Why now is not the time to stop raising awareness about mental health

21 September 2017

"Every time we have a mental health awareness week my spirits sink. We don’t need people to be more aware. We can’t deal with the ones who already are aware."

Professor Sir Simon Wessely, president of the Royal Society of Medicine, in the British Medical Journal.

Raising awareness of any health issue is the crucial first step towards ensuring that people take action to improve their health and reduce the risk of becoming ill.

This is the case with cancer, smoking, heart disease, HIV and diabetes. These conditions require focused attention to prevent them, in which we can all play a part once we are well informed. They also need early detection so that treatment has the best chance of success.

It should not be any different for mental health. Official figures show that 61% of mental health problems go untreated. Many people do not even seek treatment for problems – with men significantly less likely than women to ask for help. The involvement of public figures and members of the Royal family in combatting the stigma of mental ill health and encouraging people to realise that there are steps they can take when their mental health is deteriorating has been a great help in overcoming this.

Others only get treatment when they reach crisis point. This reduces the chance of a fully successful recovery, causes substantial costs to people's lives and sometimes costs people's lives themselves. The demand on services is a failure to respond to need and act early, and is a failure to provide prevention and timely help in primary care. It’s not a result of too much awareness as Simon Wessely has suggested.

Raising awareness of mental health? We hold our hands up

Since 2000 we have run Mental Health Awareness Week each May, a campaign which has seen massive growth each year. With two in three of us experiencing a mental health problem in our lifetime, we aren't going to stop now. Only through awareness and having the tools to understand, protect and sustain our mental health, can we improve this. See what we did in Mental Health Awareness Week 2017.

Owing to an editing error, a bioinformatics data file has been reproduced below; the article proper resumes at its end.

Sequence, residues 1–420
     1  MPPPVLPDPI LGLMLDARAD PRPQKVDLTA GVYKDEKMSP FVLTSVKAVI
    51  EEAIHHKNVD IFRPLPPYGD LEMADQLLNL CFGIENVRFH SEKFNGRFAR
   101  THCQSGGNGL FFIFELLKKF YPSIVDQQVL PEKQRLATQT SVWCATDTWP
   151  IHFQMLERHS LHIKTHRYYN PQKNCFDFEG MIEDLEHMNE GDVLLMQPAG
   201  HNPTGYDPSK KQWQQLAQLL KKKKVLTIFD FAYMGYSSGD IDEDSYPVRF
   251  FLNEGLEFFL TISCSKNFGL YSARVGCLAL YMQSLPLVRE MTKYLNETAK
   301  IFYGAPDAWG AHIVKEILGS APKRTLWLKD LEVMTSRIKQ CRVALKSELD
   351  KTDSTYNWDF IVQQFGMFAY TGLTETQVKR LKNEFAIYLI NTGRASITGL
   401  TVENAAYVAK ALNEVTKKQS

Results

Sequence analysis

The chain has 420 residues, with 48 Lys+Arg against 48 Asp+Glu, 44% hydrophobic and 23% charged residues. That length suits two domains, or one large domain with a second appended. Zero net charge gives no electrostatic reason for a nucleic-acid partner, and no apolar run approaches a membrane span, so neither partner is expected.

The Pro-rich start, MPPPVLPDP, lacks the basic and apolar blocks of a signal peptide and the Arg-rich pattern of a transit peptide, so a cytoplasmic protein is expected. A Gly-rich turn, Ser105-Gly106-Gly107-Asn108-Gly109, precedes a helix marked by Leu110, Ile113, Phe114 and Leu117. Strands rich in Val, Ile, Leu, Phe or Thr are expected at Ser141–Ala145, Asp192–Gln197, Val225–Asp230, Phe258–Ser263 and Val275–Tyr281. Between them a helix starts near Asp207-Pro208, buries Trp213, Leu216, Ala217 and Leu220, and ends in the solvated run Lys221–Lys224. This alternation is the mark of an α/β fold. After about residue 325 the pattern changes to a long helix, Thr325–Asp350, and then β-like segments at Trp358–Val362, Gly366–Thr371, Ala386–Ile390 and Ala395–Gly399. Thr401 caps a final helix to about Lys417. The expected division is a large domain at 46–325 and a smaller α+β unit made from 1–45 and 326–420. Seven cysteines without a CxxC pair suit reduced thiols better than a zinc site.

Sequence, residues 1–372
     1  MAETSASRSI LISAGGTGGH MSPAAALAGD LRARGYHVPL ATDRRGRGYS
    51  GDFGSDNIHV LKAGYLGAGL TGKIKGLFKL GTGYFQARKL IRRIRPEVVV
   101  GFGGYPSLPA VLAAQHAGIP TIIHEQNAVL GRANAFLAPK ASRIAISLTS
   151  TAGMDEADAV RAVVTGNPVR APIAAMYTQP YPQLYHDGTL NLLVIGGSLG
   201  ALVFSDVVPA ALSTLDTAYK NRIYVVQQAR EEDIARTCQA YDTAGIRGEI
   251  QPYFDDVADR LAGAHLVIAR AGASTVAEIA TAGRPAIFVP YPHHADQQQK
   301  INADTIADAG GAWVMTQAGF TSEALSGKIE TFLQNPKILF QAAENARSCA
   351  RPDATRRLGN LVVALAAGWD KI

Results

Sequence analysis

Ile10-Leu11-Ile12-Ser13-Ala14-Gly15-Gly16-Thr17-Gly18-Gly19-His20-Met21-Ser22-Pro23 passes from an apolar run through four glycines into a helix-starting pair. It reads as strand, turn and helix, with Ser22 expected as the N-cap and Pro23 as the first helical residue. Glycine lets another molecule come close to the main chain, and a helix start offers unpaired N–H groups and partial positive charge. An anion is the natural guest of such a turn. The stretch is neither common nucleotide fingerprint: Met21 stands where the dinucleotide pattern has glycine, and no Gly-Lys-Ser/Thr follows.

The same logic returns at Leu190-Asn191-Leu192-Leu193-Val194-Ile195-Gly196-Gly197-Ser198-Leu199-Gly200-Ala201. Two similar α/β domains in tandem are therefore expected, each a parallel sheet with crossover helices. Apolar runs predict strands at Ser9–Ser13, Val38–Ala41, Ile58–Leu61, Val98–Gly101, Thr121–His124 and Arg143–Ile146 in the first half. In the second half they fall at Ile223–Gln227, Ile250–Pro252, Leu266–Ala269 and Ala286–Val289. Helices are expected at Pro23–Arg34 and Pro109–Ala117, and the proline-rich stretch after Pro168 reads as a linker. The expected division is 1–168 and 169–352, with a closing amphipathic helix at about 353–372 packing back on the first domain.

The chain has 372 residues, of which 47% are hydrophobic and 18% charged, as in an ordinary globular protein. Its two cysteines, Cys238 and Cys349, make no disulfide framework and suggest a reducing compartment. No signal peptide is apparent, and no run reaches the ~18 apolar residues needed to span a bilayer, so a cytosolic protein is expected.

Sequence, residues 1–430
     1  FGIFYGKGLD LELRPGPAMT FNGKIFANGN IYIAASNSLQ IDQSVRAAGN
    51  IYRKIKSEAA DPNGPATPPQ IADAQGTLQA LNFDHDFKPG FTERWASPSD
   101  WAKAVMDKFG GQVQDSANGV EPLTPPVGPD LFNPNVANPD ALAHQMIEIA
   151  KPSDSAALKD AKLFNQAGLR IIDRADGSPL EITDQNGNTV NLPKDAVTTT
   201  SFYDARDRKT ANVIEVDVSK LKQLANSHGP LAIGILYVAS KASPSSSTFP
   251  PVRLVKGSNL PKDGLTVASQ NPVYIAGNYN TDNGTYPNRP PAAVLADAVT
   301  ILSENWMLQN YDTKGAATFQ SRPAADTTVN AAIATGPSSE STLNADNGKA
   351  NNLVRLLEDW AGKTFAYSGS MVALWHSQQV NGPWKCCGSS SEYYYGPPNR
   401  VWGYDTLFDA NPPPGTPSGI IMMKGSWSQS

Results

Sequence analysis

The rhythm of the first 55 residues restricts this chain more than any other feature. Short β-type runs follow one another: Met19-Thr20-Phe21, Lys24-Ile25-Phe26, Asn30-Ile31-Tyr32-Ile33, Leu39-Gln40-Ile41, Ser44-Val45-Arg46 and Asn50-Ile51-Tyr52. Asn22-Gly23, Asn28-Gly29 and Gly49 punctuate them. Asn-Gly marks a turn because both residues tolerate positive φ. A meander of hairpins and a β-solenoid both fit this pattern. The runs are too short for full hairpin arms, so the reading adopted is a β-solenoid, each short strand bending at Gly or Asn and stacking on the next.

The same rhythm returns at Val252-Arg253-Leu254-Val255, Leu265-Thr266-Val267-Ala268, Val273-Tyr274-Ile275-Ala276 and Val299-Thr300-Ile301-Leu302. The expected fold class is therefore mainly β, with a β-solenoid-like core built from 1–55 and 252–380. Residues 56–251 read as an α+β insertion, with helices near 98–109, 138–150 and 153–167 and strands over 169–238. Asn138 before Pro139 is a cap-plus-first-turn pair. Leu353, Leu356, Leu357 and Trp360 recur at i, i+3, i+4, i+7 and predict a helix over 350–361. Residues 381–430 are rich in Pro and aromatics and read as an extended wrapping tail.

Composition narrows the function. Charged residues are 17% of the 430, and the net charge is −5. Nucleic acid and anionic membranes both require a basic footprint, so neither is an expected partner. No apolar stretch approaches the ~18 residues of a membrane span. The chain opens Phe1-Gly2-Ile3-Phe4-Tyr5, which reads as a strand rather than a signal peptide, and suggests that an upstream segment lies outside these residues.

Mental health problems are the great public health challenge of our time: two in three of us have experienced a mental health problem in our lifetime. Now is the time to give people the information they need and to equip all those public services, families and communities, who can do so much to protect mental health and prevent problems escalating into crisis.

The answers cannot be about doing more of the same. We can’t deal with mental health problems through a massive increase in highly specialised services – that is neither cost effective nor what people need. We need to focus on awareness and information for everyone on how to look after our mental health and preventative and early intervention support in our communities, particularly where we know more people are likely to experience mental ill health. 

Mental health problems are not inevitable. We have a moral duty to act much earlier and this can only be achieved if people themselves recognise that things can be different. This will not happen by us all keeping quiet and keeping quiet to spare the services from demand. It can only be achieved if people themselves recognise that things can and should be different.

We will gain nothing by putting mental health back in a box marked ‘too much’, ‘too difficult’ or ‘undeserving’.  This is where mental health languished for years, with the result that people of all ages suffered in silence, often experiencing shame, stigma and discrimination.

We wouldn’t discourage a man who found a lump on his testicle or a woman who discovered a lump on her breast from seeing the doctor, purely because our health services are under pressure. We shouldn’t do so for mental health problems either.

Awareness has an important role in turning this around, but action must always follow, and is just as important. 

When we do experience poor mental health, we need the attitudes we hold as a society, and the actions we have taken, to enable us to feel we can seek help.  We need to be confident this will be accepted, and that we, or our sister, brother, mother, father or friend, will be listened to and receive a caring, appropriate response.

We need answers, and earlier. Silence is not one of them.

We need your help

We won't stop raising awareness about mental health. Only with awareness can we get the UK thriving with good mental health. You can help us on our mission. Please consider a donation today.

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